Release Date: Apr 29, 2008
Record label: Warner Bros.
Genre(s): Rock, Dance, Pop
When news spread that Madonna was reaching out to Timbaland and Justin Timberlake to produce her final album with Warner Brothers, the hype machine went into overdrive. But the first single from Hard Candy, the marching-band electro track “4 Minutes,” left some a little cold. The album, however, is a whole other story. Hard Candy finds Madonna in full dance mode over beats produced by Timbaland and Pharrell.
You’ve seen the video for ”4 Minutes,” Madonna’s flirty duet with Justin Timberlake. Perhaps you’ve heard that roughly half of her new album, Hard Candy, was produced by the Neptunes, with the remainder entrusted to the team of Timbaland, Nate ”Danja” Hills, and Timberlake. Maybe you know that Kanye West pops up on one song (”Beat Goes On”).
This is Madonna’s last album for Warner before leaving the label system for a deal with concert promoters Live Nation, and she’s decided to blow the last of the label’s cash on the top American producers of the day instead of the up-and-comers with whom she’s often collaborated. As her last album did well everywhere but the U.S., it also seems like a calculated decision to bring Timbaland and Pharrell Williams on board to co-write and produce. This is a very consistent album, the only real dud being the closer, Voices.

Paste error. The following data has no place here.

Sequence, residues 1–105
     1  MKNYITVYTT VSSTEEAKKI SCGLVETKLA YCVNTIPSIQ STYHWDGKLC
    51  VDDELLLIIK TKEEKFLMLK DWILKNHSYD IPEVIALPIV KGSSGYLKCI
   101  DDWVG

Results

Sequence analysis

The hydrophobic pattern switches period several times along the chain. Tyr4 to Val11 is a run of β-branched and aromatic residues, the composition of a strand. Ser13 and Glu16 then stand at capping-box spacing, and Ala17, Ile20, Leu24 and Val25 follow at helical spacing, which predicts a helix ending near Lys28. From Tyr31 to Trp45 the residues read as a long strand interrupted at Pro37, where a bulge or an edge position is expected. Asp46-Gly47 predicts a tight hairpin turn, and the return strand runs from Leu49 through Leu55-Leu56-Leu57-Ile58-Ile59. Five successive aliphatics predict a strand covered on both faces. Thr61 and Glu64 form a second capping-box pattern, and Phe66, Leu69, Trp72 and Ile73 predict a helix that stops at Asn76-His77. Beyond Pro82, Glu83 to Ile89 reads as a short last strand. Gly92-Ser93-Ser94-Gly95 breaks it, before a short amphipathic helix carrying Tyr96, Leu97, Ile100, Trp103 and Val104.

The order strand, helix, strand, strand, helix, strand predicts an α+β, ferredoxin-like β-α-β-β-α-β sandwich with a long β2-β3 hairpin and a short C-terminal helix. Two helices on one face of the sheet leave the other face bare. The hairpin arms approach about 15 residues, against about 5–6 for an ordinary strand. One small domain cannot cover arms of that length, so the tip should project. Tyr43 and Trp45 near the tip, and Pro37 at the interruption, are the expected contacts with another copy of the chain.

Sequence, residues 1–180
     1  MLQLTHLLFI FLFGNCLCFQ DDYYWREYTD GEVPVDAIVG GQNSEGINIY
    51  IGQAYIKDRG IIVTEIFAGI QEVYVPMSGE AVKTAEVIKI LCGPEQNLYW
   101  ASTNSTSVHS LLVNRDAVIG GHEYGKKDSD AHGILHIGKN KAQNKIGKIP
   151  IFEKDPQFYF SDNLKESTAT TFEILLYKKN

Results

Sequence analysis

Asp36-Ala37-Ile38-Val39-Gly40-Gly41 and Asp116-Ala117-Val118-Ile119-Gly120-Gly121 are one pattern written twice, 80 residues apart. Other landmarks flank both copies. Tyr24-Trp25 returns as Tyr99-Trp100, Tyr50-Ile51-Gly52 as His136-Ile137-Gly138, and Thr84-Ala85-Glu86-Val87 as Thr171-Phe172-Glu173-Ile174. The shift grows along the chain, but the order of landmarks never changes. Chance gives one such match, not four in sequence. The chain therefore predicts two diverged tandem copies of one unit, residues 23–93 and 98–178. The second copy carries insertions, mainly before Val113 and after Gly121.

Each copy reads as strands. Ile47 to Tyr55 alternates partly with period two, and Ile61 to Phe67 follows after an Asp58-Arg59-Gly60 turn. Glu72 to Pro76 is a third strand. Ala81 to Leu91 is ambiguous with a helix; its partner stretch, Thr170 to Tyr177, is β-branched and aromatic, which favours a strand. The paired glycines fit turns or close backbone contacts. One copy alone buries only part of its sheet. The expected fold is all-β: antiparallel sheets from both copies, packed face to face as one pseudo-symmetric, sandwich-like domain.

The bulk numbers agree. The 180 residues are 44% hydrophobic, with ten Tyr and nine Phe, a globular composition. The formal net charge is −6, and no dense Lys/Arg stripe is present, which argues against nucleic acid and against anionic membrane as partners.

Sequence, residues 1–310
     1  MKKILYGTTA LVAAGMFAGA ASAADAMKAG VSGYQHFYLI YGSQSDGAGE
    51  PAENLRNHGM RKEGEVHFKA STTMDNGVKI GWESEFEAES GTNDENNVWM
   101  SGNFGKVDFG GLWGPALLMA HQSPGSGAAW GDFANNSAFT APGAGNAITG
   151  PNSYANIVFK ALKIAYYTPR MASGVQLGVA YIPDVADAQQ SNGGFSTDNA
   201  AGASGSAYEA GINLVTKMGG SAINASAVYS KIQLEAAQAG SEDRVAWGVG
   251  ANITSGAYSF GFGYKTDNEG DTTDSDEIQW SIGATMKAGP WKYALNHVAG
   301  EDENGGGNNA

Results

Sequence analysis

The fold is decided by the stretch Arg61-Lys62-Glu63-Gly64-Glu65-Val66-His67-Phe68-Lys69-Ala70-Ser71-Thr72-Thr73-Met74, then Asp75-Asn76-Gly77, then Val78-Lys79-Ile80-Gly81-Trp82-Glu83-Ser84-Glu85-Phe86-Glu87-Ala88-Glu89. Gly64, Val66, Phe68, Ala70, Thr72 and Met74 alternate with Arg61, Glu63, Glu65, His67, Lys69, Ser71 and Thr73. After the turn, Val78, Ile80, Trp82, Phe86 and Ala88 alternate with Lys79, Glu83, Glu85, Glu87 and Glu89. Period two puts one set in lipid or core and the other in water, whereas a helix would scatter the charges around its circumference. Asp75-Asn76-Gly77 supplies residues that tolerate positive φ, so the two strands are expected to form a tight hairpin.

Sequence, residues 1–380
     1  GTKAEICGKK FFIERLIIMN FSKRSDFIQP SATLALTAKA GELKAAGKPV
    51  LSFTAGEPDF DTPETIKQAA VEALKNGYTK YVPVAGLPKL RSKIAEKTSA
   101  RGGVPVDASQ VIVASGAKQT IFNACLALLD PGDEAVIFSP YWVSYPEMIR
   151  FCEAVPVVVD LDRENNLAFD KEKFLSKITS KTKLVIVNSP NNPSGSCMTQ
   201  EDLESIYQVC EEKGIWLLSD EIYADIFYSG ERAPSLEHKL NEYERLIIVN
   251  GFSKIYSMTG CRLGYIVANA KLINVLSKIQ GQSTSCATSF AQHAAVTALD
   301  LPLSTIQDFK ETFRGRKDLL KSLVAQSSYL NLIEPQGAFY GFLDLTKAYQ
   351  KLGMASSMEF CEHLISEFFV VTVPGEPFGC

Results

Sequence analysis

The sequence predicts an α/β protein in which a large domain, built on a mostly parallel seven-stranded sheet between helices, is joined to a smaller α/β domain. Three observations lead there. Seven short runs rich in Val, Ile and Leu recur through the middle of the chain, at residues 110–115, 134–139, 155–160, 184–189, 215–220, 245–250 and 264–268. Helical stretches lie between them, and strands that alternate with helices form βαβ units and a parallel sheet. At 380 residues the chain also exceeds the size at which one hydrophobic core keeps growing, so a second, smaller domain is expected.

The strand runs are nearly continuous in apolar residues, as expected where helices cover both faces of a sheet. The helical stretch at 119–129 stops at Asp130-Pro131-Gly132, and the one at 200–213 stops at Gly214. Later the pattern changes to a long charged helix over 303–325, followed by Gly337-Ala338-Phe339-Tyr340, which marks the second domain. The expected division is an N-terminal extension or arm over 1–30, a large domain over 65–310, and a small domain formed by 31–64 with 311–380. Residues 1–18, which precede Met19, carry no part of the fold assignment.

This is a smart play, as this is the audience that has always consisted of Madonna loyalists, and it's also is a savvy way to negotiate the explosion of niches in 2008, but there are problems in her execution. Madonna relies on the Neptunes and the pair of Timbaland and Justin Timberlake for most of her modern makeover -- a good idea in theory as they are some of the biggest hitmakers of the decade, but the productions they've constructed here sound a couple years old at best and at worst feel like they're dressing Madonna in Nelly Furtado's promiscuous hand-me-downs. Sometimes this can result in reasonably appealing grooves -- "Candy Shop" captures Pharrell Williams' flair for slim, sleek grooves, "Dance 2night" conjures Timberlake's Off the Wall obsession nicely, and the icy heartbreak of "Miles Away" is a worthy successor to "What Goes Around Comes Around" -- but this also points out the album's main flaw: the track comes before the song.